It’s pretty simple really.
When trying to gain new clients or customers, some businesses perceive their potential customers as fish. Or at least they seem to, because they take out their fishing rod and drop a hook in the water with some enticing “bait” on it. Of course, the fishing rod is metaphorical, but the process that transpires is very much like fishing.
The bait is something that, at first glance, feels irresistible — and often times a little bit too good to be true.
For instance, I recently signed up for a free webinar to help me attract more participants to my own webinars. The Facebook ad for the event was liked by many of my friends and colleagues, and it promised to be a “master class” with “incredible value,” offering solid strategies to help me pack the house. I figured it might be worth my time, even if I only gleaned one good bit of info.
Once I signed up, it was all downhill from there. Let’s dissect what happened …
- I had signed up the night before the webinar. In less than 24-hours, I received FIVE emails from the facilitator of the webinar, each one trying to hype me up and add importance to the webinar I signed up for — and reinforcing that I simply must to attend. This is just a bad user experience (UX). I signed up for a free event and I wound up with a stalker girlfriend that simply wouldn’t leave me alone for more than a few hours! We’ve all had this happen though, right? Sign up for some “free” information, only to find that we’re now “buddies” with someone we didn’t want to hear from in the first place. This is a HUGE mistake in the conversion process, but it’s rampant.
- When the webinar started, I noticed that it was pre-recorded, and the facilitator wasn’t even on screen! The information, which was a slide show with audio, was infantile and maybe had value for someone who knew nothing about webinars. There certainly wasn’t any info on how to gain more attendees. So I left. Figuring that was that …
- Until I started receiving multiple follow up emails. I kept unsubscribing, and eventually the emails stopped. Now, it’s one thing to get in touch with people (who have given you permission to do so) once in a while. But you better be offering real value, WITHOUT harassing them.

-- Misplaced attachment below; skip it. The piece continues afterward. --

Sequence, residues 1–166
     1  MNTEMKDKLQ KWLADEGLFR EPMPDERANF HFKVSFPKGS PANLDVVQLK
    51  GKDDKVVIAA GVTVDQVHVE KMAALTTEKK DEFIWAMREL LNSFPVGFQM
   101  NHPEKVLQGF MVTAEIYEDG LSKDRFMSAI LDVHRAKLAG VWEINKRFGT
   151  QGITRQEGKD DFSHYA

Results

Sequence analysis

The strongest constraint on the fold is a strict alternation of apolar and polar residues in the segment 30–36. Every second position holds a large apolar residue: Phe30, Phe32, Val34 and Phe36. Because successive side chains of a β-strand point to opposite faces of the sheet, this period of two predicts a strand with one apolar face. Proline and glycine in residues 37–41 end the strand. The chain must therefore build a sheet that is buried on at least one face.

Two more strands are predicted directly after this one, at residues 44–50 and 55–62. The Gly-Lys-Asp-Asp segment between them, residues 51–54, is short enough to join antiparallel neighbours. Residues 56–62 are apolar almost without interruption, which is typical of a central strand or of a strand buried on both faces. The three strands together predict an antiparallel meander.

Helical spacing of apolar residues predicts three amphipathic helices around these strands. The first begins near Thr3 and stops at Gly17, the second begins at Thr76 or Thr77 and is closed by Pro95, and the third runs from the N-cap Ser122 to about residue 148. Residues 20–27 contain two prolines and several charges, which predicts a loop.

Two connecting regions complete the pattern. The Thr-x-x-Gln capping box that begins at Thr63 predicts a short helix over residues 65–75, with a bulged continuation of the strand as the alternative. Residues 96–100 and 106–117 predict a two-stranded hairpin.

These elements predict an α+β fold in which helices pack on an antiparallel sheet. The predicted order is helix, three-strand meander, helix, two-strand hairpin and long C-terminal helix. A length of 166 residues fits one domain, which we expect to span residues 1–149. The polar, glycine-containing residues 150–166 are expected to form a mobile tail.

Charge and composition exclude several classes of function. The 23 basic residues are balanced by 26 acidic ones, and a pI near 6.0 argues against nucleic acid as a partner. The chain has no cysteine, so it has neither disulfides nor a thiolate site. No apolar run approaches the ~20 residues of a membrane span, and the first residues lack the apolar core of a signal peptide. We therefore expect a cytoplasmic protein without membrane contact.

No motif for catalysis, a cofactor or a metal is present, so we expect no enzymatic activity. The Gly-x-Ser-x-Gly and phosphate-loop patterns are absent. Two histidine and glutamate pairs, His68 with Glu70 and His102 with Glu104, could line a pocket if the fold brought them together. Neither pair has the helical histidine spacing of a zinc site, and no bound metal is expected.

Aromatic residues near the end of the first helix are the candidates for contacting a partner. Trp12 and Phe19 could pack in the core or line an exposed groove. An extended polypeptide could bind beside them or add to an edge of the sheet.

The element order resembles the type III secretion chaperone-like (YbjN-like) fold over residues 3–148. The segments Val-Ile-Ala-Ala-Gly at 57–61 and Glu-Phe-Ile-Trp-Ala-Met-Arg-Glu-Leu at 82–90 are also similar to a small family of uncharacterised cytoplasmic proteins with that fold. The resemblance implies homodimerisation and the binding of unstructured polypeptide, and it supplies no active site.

At this point, I strongly suspected that I was the victim of being treated like a fish. The line was cast, and the tasty bait taken. Now, the thing is that many other people who attended this webinar probably felt the same way as I did. But here’s the thing, organizations that “go fishing” like this don’t care. They are trying to get as many people as possible caught on their hooks, and then they’re on to the next round of fishing before you know it. Some of the people who come to the webinar will surely spend money, but most won’t. But with this type of model, that’s expected. It’s a volume thing, a numbers game, where the need to create meaningful relationships is replaced by the need to find paying fish.
To be sure, I checked the facilitator’s website and found that what she was really trying to do was get us to sign up for her paid service, which is lifetime membership to her “Webinars that Convert” content …
This is all part of a calculated conversion strategy, but it lives on the “dark side” of conversion, where potential customers are not treated like people. Instead , they’re commoditized (like a fish), and corralled into a funnel (ok, so fish aren’t technically corralled, but yo get the idea) to see how many of them are profitable.
Conversion, quickly defined, is a strategy that takes a website visitor from where they are, to where you want them to go. Whether it’s to download a free e-book, fill out a form, call, or some similar action, the conversion process often begins by having someone click on a button or text link. This is referred to as a call-to-action (CTA). In the case we’re dissecting, the first CTA is to sign up for the free webinar. The second is to make a purchase. And although this isn’t always necessarily a bad conversion strategy, it’s missing one main ingredient — VALUE in the freebie.
Make sure you’re ALWAYS DELIVERING VALUE in your freebie. Because, when you do, you stop treating people like fish and …
… start teaching people how to fish!
A very different philosophy, teaching people how to fish empowers them with relevant, helpful information right from the get go, without asking them for anything in return. It’s relationship-based, as opposed to the numbers game being played when you treat people like fish.
When you empower your clients, you’re giving them some of the tools they need to take care of their business themselves — and treating them like human beings along the way. Or, quite often, you’re simply educating them as to what they need (and what they don’t need) so they have a clear understanding of where they should apply their budget.
And in doing so, you’re building TRUST, which is essential for any long-term relationship.
Working with the relationship-based model doesn’t mean you’re giving away the entire farm, or making your business non-essential in the process. In fact, it can often make you more essential because you will be perceived as the true expert that’s not afraid to share their knowledge.
At Cuppa SEO, we like to help clients, potential clients, and anybody else who will listen, how to brew a better blog. That’s why we’ve created our Blogging 101 E-book based on the philosophy of teaching people how to fish. If you sign up for the e-book, you won’t be bombarded with daily or weekly emails. You will receive a friendly, information-packed monthly newsletter that contains things like popular blog posts, free webinars and our Two-minute Tuesdays and Five-minute Fridays Facebook Live events.
Well, all this talk of fish has put me in the mood for a cup of coffee (sans the fish). Time to brew up a fresh pot!
I hope you enjoyed this installment of The Dark Side of Conversion.